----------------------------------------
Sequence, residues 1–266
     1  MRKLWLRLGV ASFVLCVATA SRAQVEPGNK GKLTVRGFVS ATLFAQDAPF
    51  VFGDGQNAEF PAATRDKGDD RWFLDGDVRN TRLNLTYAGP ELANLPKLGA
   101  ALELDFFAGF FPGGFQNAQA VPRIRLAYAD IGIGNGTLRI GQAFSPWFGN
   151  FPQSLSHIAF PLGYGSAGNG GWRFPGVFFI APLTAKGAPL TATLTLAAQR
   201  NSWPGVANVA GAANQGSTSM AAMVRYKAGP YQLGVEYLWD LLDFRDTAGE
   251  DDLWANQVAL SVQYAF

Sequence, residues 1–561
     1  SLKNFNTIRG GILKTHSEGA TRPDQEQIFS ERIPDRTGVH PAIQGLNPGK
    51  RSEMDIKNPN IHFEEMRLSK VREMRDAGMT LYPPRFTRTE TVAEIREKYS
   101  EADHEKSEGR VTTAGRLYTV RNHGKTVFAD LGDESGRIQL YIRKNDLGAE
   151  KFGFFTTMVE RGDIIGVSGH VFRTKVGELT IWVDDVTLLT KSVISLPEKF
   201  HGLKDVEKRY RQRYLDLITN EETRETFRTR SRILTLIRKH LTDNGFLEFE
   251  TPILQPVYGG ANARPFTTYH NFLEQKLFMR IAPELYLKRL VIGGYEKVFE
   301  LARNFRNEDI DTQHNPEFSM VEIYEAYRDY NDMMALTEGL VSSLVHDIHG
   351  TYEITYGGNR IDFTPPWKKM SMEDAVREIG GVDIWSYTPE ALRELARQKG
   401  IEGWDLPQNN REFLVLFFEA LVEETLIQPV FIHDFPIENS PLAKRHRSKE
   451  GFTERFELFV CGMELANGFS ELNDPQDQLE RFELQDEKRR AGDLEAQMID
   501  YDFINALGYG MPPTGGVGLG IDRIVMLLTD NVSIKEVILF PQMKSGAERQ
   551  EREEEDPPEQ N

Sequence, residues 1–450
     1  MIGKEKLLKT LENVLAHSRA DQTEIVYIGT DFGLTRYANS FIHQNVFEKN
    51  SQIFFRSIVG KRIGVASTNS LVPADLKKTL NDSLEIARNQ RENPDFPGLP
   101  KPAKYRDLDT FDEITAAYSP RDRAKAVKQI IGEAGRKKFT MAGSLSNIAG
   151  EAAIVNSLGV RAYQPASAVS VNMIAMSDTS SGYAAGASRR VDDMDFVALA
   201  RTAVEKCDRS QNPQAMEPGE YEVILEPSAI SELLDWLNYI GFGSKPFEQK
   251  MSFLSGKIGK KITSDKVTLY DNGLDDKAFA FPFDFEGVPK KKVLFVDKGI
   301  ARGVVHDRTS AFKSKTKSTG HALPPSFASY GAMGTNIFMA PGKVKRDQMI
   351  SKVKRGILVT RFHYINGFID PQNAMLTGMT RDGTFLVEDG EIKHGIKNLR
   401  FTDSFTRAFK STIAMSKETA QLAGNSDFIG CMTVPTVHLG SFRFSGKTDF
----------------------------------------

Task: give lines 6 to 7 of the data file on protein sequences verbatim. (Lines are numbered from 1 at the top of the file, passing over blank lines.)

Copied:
   201  NSWPGVANVA GAANQGSTSM AAMVRYKAGP YQLGVEYLWD LLDFRDTAGE
   251  DDLWANQVAL SVQYAF